As Prepared for Delivery
It is a pleasure to be back in Sri Lanka and to see many old friends. Over the last two days I have had a wide range of meetings in Colombo and Jaffna. In Colombo I met with President Rajapaksa, Foreign Minister GL Peiris, representatives of the TNA and UNP, and members of civil society. I also visited Jaffna to meet with the military commander, NGO representatives, and students from Jaffna University. While in Jaffna I paid a visit to the offices of Uthayan to show America’s support of freedom of the press.
This is a very different country from when I left in May of 2009. Most of the IDPs have left Menik Farm and the rest will leave as soon as demining is complete; important local council elections have taken place in the north; more than 8,000 ex-combatants have been rehabilitated and released; and substantial work has been done in the North to re-open schools, improve infrastructure, and remove mines.
The United States is prioritizing our assistance plans to help the people of the North to recover, rebuild, and return to normal lives. We are investing $20 million to partner with the private sector to create 20,000 jobs in horticulture, dairy, apparel, aquaculture, logistics and construction sectors in the North and East. We are continuing activity to support demining so IDPs and others can return to their homes. We have contributed $1.4 million in the last year to support transitional housing across the North. In addition, we are the majority contributor to the World Food Program here, providing $5 million over the past 12 months.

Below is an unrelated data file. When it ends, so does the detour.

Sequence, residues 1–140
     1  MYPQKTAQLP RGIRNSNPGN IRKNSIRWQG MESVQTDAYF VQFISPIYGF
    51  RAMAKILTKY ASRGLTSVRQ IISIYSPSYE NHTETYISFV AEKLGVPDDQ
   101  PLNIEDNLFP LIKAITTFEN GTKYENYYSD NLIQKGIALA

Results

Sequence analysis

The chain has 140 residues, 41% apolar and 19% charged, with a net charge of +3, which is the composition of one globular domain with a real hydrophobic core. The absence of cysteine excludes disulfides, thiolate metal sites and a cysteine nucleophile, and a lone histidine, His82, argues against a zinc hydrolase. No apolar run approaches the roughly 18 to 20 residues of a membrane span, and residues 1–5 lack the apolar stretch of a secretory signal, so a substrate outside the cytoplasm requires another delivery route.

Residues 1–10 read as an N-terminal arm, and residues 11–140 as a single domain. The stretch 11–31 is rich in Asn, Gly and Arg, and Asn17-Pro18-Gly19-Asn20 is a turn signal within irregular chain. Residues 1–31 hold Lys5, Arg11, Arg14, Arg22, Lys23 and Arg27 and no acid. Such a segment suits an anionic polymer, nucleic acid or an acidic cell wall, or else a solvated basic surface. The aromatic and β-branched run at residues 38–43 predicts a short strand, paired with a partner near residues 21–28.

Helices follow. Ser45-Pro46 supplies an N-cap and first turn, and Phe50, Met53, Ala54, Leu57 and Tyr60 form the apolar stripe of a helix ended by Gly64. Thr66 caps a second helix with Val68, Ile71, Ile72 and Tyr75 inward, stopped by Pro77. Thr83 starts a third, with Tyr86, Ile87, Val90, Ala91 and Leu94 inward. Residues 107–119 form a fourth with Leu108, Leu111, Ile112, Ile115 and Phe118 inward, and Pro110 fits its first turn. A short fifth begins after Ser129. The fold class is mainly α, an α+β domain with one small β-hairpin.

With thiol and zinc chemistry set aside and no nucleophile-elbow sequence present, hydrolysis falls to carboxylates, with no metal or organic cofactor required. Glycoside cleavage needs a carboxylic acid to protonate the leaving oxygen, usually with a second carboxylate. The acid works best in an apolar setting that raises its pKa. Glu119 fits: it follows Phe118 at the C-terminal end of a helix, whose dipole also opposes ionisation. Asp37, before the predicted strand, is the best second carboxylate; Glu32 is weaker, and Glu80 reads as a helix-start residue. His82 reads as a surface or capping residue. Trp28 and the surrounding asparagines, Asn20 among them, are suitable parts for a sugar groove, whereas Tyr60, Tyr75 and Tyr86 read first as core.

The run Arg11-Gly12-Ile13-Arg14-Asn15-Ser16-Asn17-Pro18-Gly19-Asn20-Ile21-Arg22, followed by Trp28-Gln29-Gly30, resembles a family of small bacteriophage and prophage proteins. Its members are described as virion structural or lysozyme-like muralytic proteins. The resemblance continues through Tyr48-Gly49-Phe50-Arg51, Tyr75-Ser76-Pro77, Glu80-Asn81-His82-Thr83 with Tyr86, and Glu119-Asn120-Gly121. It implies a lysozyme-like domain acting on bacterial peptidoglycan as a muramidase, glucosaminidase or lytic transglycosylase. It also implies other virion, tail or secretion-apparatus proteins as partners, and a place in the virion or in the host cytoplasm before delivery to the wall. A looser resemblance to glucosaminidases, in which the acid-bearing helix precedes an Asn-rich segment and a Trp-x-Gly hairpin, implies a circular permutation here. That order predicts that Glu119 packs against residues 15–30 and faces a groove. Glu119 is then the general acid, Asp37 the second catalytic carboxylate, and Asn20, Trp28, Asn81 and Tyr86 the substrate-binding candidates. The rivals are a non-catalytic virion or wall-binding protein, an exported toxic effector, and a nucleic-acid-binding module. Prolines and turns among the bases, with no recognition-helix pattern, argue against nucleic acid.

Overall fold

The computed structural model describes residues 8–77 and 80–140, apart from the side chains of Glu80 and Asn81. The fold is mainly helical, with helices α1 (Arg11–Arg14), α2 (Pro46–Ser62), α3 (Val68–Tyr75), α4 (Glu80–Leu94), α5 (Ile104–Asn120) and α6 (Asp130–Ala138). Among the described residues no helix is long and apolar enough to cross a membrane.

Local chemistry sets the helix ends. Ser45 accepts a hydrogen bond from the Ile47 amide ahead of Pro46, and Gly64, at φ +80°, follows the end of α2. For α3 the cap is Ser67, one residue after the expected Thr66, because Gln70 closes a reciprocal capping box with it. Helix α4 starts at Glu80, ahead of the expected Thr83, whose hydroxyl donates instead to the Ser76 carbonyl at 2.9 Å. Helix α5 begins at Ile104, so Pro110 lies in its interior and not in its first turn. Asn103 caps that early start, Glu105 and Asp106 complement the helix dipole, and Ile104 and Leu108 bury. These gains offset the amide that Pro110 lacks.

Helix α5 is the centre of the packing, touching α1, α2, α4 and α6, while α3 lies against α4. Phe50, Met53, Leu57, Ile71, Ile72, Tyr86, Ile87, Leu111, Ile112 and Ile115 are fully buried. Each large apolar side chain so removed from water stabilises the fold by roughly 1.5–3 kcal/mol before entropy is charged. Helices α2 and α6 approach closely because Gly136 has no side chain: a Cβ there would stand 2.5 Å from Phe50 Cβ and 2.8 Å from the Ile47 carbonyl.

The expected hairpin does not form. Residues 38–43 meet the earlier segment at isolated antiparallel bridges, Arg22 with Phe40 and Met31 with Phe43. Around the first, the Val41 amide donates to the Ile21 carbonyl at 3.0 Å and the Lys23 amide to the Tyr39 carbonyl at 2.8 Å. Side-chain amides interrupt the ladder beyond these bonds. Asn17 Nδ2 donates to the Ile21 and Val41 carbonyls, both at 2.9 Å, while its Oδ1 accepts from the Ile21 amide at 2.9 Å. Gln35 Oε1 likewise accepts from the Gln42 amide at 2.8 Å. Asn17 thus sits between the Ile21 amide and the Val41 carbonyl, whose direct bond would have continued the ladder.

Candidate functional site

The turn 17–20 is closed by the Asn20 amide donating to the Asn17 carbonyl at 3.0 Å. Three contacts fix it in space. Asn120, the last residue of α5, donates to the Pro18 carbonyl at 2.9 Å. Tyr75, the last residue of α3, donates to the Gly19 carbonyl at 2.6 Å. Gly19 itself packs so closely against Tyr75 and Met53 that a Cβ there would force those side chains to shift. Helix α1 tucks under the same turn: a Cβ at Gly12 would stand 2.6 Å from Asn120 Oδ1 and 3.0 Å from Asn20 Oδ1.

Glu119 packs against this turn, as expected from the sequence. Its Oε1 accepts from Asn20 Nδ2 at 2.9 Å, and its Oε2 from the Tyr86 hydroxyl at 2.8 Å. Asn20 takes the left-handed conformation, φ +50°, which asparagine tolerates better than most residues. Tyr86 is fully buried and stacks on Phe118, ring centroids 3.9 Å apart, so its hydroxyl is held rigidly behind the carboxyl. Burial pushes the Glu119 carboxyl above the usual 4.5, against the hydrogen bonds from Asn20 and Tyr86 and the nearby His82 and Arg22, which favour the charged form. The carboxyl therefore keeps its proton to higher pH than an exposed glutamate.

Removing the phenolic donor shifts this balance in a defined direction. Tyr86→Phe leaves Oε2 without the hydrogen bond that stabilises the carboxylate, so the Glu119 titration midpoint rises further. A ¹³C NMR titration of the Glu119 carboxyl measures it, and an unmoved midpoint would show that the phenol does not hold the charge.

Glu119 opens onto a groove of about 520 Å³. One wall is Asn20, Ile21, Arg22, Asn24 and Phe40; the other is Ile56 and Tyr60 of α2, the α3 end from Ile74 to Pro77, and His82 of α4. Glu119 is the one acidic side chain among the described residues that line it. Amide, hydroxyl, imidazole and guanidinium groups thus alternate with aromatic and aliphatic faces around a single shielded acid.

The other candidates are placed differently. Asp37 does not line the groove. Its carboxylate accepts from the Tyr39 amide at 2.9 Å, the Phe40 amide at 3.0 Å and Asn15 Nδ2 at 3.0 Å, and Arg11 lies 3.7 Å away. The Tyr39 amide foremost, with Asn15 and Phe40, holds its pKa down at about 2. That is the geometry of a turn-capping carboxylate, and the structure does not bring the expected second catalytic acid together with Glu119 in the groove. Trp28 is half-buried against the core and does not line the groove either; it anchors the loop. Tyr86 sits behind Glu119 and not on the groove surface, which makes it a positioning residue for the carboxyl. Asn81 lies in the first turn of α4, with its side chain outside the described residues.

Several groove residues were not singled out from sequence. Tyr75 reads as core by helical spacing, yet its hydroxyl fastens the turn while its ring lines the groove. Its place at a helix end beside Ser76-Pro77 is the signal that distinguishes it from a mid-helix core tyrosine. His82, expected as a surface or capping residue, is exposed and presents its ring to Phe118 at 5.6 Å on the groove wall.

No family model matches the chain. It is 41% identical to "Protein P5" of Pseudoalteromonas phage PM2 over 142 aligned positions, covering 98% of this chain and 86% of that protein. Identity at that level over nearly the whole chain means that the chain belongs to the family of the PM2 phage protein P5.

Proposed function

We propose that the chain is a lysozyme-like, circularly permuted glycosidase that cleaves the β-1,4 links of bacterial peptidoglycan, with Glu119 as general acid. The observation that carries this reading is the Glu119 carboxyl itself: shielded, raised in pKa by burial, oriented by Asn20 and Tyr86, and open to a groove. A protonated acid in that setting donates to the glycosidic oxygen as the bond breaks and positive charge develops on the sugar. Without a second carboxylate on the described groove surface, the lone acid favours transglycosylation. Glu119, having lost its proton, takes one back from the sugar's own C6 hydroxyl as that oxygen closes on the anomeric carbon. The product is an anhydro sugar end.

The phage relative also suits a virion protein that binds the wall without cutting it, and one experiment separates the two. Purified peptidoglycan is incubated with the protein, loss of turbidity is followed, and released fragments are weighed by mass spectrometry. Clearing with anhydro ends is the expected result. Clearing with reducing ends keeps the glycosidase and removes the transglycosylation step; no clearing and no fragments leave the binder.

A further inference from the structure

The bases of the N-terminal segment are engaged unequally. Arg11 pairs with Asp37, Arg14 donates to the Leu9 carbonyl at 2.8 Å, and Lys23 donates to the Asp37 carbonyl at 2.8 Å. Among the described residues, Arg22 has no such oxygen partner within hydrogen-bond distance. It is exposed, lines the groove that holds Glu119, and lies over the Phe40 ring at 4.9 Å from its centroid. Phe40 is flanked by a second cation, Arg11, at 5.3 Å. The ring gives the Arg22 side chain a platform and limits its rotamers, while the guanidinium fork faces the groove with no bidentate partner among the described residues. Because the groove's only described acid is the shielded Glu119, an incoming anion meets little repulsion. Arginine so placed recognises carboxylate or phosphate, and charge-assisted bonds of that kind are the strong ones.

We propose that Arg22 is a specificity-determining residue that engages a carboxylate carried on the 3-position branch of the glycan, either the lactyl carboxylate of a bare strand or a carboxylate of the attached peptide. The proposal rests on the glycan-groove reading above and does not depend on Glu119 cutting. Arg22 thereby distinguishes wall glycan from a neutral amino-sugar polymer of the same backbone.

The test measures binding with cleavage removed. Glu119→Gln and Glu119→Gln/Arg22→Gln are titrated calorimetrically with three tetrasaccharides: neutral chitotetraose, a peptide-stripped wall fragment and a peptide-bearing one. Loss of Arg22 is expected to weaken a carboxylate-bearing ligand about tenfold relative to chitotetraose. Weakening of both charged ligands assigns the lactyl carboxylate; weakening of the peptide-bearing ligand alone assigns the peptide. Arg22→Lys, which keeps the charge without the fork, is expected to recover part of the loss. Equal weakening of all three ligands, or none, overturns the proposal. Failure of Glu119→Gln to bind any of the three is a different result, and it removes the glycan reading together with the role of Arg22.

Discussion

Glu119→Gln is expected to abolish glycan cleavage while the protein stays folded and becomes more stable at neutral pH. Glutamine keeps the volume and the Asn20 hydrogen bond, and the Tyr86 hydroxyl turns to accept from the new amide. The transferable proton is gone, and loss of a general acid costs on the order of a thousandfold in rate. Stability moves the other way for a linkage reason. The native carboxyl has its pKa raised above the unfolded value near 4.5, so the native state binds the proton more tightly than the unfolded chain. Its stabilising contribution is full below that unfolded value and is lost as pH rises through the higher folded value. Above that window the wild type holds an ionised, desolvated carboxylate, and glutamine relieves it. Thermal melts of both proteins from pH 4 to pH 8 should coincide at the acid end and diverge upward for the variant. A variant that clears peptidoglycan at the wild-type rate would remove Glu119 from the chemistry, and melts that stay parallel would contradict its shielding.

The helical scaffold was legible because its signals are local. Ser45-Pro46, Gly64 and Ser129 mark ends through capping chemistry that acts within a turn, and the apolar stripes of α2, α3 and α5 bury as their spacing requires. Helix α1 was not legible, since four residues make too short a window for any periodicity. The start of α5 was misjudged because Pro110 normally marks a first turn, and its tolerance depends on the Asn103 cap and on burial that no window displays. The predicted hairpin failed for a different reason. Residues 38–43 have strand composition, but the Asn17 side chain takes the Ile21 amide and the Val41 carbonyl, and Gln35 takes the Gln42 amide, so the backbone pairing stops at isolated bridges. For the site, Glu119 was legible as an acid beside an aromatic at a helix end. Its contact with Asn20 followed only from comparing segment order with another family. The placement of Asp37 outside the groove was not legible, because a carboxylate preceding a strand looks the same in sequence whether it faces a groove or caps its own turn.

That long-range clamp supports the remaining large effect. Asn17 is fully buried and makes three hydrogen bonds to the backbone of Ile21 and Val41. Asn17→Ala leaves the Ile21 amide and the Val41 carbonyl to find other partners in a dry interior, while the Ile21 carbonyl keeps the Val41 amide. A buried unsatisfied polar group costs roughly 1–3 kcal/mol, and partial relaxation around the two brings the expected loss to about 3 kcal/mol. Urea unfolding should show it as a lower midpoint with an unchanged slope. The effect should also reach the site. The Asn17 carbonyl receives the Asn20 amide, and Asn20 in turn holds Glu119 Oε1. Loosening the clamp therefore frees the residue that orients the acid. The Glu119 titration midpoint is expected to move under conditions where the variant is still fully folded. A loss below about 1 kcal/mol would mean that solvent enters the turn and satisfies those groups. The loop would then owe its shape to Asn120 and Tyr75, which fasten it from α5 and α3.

Yet a great deal still needs to be done to heal the wounds of war and ensure a peaceful, democratic, and prosperous Sri Lanka. I would point to three areas of particular priority.
First, I was very pleased to hear from both the government and the TNA that they will resume their important dialogue on devolution and other matters.
Secondly, the announcement that the U.N. Secretary General will transmit the Panel of Experts report to the UNHRC and the UNHCHR underlines the need for a comprehensive national reconciliation process that includes a full, credible and independent accounting of and accountability for those who violated international humanitarian law. We hope that the LLRC report will address the allegations raised in the Panel of Experts report.
Finally, I am concerned about human rights. A very important part of reconciliation and returning people’s lives to normal in the North is an improvement in human rights. I discussed with relevant officials the importance of disarming paramilitary groups, on which progress is being made. There is also a need to put an end to the grease devil incidents, which many people in Jaffna yesterday told me had given rise to new levels of insecurity. It is important to deploy Tamil police in the north so the military no longer needs to perform these functions. And the U.S. remains deeply concerned about attacks on journalists.
Thank you very much and I’d be glad to take your questions.